SOUND SALMON SOLUTIONS
Imagine a river brimming with abundant wild salmon stocks. Imagine healthy, clean streams for our children to explore and play in. Imagine robust riparian forests full of fecundity. Twenty-five years ago a group of dedicated volunteers set out to make such a vision a reality. The founders of Sound Salmon Solutions rallied around a mission that engages in community-based salmon recovery as part of a larger response to Endangered Species Act listings of local Chinook and Coho salmon stocks. In addition to habitat restoration projects, educating the public on wetland ecology and the importance of stewardship was also deemed key to ensuring the future of salmon in the Stillaguamish, Snohomish and Island County watersheds.
Over the years the work has progressed and evolved. With the help of hundreds of smiling volunteers and students of all ages, our organization has made significant progress towards realizing the founders’ vision. Some of the accomplishments include: nearly a million fish released in local waters, numerous fish passage projects that opened miles of habitat, over 40 miles of river restored (including placement of large woody debris to increase habitat complexity), over 175 acres planted with more than 150,000 native trees and shrubs, thousands of carcasses distributed (returning ocean-based nutrients to local ecosystems), and over 15,000 students have learned about the salmon life-cycle through hands-on lessons and field trips that include service projects.
If you have been or are currently a supporter, a volunteer or a student in one of our programs, we would like to hear from you. Please take a few minutes to visit our website (www.soundsalmonsolutions.org) to complete our survey. We are interested in knowing what motivated you to be involved with our organization. To commemorate our 25th anniversary you can participate in our Give 5 in 2015 campaign by making a $5 donation, volunteering five hours one Saturday or sharing with five friends who we are and what we do. The success of our next 25 years requires a new generation of supporters, volunteers and students. Can we count on you to be one of them?
Executive Director, Sound Salmon Solutions
Thank you for the article “Abandoned Bunnies are an Easter Epidemic” in the March 30 edition. The article was a much needed public service.
I have lived with rabbits for over two decades, and while they can be wonderful companions they are not for everyone. Witness that our last five rabbits have all come from rescues or shelters (one all-white bunny had been abandoned at Green Lake — go figure). Whereas in our home rabbits are not caged, are protected from danger and with proper vet care live for about 10 years. It is important for prospective pet owners, regardless of the species, to be reminded that pet ownership is a life-long promise, and “life-long” is the natural life span of the pet, not the attention span of the owner. If you really want a live rabbit, after Easter is a great time to visit the local pet shelters and adopt one of their many rabbits. Pet shelters want a long-term animal-human success story and will help you decide if a rabbit is a good fit in your household, and they are also a great resource for learning proper pet care.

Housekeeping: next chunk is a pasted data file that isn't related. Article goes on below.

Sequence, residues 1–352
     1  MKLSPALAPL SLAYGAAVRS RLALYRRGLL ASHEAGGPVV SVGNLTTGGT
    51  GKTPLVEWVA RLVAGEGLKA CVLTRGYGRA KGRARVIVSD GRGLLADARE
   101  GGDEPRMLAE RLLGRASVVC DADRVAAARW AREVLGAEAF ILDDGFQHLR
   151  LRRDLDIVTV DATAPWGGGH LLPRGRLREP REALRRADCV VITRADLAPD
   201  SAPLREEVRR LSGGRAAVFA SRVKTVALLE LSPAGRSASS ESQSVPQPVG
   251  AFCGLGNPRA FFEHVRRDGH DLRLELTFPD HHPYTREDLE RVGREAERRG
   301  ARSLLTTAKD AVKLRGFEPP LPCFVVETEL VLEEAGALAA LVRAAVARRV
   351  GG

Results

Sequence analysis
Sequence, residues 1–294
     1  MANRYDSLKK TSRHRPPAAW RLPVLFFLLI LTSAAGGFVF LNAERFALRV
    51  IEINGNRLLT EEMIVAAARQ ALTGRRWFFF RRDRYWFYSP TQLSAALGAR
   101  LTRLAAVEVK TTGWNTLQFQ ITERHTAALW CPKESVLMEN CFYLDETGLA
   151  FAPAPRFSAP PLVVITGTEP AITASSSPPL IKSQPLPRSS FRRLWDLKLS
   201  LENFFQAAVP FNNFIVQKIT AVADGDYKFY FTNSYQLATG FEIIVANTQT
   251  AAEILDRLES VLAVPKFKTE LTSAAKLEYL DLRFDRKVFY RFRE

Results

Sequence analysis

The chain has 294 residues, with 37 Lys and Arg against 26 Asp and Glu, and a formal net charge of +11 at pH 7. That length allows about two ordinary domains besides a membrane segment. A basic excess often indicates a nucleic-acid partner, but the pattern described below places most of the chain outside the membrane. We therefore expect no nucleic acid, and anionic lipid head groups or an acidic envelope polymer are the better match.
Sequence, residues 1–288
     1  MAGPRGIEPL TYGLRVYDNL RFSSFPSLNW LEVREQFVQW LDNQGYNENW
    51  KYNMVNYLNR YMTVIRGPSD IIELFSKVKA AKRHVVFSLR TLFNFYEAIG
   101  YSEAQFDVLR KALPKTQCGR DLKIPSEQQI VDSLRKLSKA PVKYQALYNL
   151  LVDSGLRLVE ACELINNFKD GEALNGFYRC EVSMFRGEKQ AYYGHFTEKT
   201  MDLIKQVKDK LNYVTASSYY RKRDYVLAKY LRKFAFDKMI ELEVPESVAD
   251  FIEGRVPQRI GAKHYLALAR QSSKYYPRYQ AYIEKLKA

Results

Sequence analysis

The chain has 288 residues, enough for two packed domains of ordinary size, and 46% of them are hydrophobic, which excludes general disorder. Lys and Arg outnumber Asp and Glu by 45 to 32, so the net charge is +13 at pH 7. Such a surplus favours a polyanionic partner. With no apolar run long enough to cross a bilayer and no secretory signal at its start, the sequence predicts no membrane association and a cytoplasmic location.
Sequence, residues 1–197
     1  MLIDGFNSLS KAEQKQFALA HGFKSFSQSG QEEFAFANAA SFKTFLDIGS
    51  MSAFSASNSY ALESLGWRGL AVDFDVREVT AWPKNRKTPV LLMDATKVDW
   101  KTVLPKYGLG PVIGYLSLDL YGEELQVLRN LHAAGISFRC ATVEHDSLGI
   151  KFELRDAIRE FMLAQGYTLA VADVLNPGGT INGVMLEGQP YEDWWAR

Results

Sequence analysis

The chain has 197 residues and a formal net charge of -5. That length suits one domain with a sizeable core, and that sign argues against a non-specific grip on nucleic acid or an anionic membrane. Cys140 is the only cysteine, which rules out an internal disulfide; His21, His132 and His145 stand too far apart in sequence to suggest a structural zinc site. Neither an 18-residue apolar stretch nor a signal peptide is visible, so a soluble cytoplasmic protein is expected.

In the meantime, the chocolate bunny might be best.
CONFLICT OF INTEREST
Bothell Mayor Freed opposed OneBothell’s repeated requests for cooperation and assistance in preserving the whole of the Wayne Golf Course open land (both front and back 9). Mayor Freed’s obstruction and opposition are visible on the February 10, 2015 Bothell City Council meeting available on YouTube.
During the February 10 City Council meeting, One Bothell (James McNeal) presented its vision for a public regional park and asked for city participation and support during a February 13 meeting in Olympia with state Senator McAuliffe, Representative Stanford and Representative Moscoso. Mayor Freed would not send a Bothell city representative. Council members Samberg and Rheaume also requested that the City Council and/or city manager send a Bothell representative to the Olympia meeting along with OneBothell. In each case Mayor Freed argued about the request and finally adjourned the meeting without satisfying any of the requests.
Bothell Councilmember Rheaume volunteered to attend and did attend the February 13 meeting despite the mayor’s opposition. During that meeting Mayor Freed and City Councilmember Lamb participated by telephone. Their participation was opposition and obstruction. According to OneBothell.org, “Each (of the callers) voiced their concern that the interests of the community (as represented by OneBothell) might end up above the interests of the owners of developable land.” Several attendees characterized the mayor’s disruptive participation as a filibuster.
Why would the mayor of Bothell oppose and obstruct a civic organization dedicated to creating regional parkland for Bothell and the surrounding area?
And then the mayor revealed in his March 4 letter to the Bothell City Council that he and others had acquired the rights to the back 9 area of the Wayne Golf Course for private development.
Do the mayor’s actions opposing and obstructing OneBothell in February prior to his announcement of his purchase of the back 9 but after his purchase of the property constitute an illegal or unethical conflict of interest? Perhaps neither, but his actions certainly are counter to the public interest.